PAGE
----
Faculty-to-Faculty and Student-to-Faculty Support in the Move to Online Instruction
Concurrent Session 5
Many educators struggled with the rapid online transition with uncertainty and reluctance, but urgency necessitated change. We developed a faculty-to-faculty and student-to-faculty support and training system to help instructors transition online. Hear how faculty benefited from instructional design students’ and faculty peers’ help with the redesign of courses throughout COVID.
Many educators have been struggling with the rapid and immediate transition to the unfamiliar with insecurity, trepidation, uncertainty, and reluctance, but urgency necessitated change. A number of feelings that accompany changing the way we “have always done things” have emerged and illuminate one of the many reasons education may be slower to adapt to our ever-evolving world. The solution, however, to such insecurity is through proper preparation and support. We developed a faculty-to-faculty and student-to-faculty support and training system geared toward helping instructors transition to teaching in online environments. Hear how faculty benefited from having instructional design graduate students and fellow faculty members help them rethink and redesign their teaching and learning strategies following the COVID-19 pandemic.
It was not until the world needed to quarantine its population that the importance of online learning and training was recognized by many in the U.S. as a TRULY viable and necessary learning option. Prior to the pandemic, many educational institutions merely dabbled in online learning, but now everyone had to transition completely and immediately. Many colleges and universities moved classes online quickly, while PreK-12 institutions took longer to transition. Some teachers and faculty continued their business-as-usual approach to lecturing through video conferencing softwares, often causing “Zoom fatigue” (Sklar, 2020), while others changed their syllabi and plans altogether to focus on human connection in the new times of social distancing (Supiano, 2020).
What was clear, however, was that most teachers, faculty, trainers, designers, technologists, and students were not prepared for the sudden shift to online learning (Williams June, 2020). Many instructors had never taught online and trainers and designers were not prepared to move large numbers of courses to the online format in short order. And most problematic was the inequity in access to online learning and technological resources that became glaring throughout the transition (Schaffhouser, 2020; Schoology, 2020).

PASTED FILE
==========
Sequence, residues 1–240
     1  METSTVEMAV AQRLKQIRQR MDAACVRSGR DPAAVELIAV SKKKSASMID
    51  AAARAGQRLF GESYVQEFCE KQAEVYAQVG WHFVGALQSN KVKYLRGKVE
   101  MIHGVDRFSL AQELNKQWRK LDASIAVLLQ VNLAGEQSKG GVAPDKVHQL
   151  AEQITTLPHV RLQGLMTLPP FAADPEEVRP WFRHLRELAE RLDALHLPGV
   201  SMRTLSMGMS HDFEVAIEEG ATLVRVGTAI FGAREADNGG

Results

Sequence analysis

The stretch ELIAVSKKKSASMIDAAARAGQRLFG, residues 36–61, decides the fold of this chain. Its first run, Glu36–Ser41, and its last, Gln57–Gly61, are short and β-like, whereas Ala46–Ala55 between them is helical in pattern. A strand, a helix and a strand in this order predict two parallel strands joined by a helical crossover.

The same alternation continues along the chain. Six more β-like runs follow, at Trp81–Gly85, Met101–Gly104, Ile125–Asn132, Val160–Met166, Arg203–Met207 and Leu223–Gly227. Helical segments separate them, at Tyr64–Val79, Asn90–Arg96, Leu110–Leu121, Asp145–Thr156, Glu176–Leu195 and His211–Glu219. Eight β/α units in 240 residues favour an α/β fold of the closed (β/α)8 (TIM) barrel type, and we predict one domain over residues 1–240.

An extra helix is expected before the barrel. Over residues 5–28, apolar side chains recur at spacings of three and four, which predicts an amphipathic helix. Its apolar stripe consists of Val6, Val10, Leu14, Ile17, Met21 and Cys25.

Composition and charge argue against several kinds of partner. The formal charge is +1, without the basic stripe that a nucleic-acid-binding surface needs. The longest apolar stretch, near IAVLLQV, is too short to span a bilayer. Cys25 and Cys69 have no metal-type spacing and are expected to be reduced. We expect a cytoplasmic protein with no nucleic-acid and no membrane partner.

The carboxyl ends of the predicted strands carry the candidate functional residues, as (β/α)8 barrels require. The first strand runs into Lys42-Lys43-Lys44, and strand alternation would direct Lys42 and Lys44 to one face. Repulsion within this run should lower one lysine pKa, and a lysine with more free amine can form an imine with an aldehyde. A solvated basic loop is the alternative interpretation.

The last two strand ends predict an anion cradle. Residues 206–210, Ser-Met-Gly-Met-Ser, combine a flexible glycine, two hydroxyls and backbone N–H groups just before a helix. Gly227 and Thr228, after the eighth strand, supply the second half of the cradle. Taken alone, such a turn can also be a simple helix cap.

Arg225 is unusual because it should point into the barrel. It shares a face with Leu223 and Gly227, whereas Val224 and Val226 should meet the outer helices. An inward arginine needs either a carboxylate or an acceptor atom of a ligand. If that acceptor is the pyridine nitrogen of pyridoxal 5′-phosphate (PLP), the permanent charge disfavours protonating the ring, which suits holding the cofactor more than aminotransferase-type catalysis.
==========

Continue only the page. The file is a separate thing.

Dissemination of courses in online environments is increasing throughout the world (Arghode et al., 2017; Frass, Rucker, & Washington, 2017; Hart, 2012). According to Nguyen (2015), there are several potential benefits to online learning, which include: cost-effectiveness, professional development uses, credit equivalencies, and overall effectiveness in connecting students to opportunities around the world. Additionally, these environments may allow students to reflect more deeply on materials, participate more meaningfully, interact more effectively, and improve their learning outcomes (Nguyen, 2015). Online learning can take many shapes, where students can participate in fully online environments or in blended formats, either synchronously or asynchronously (or a combination of both), and with any level of interactivity, authenticity, and engagement.
Often the best online experiences are those that are motivating, flexible, realistic, supportive, collaborative, and replicate in-person activity (Arghode et al., 2017; Hart, 2012; Nguyen, 2015). Unfortunately, many instructors have not received training on how to build online courses, use unfamiliar technologies, or instruct online learners (Bates, 2015; Frass et al., 2017). Instructors are encouraged to work with subject matter experts, educational technologists, and instructional designers to develop well-designed materials and courses (Arghode et al., 2017; Bates, 2015) but may not have access to such resources. These collaborations can generate more thoughtfully designed materials geared towards the specific needs of the audiences they are serving (Vallera, Thorpe, & Kleintop, 2019).
Our program houses an Instructional Design and Instructional Technology master’s degree in the College of Education. Current students and recent graduates of the program, whose focus included instructional design and development using innovative technologies, were selected as “Instructional Design Interns” to work with faculty throughout the University in their transition to online teaching and learning. Interns helped guide faculty one-on-one through the transition process while focusing on course type and format, student engagement and motivation, content delivery in synchronous and asynchronous modalities, and the development of authentic assessments. Additionally, faculty who have successfully integrated online courses partnered with the University’s instructional design and instructional technology staff members to deliver training courses, seminars, and workshops to help faculty prepare for the summer and fall semesters.
The support and training program originated in the College of Education, but quickly spread around the University and was adopted by many programs and departments to create consistent and thoughtfully planned and designed online transition materials. Hear stories of the successes and challenges we faced throughout the online transition using student-to-faculty and faculty-to-faculty training and support.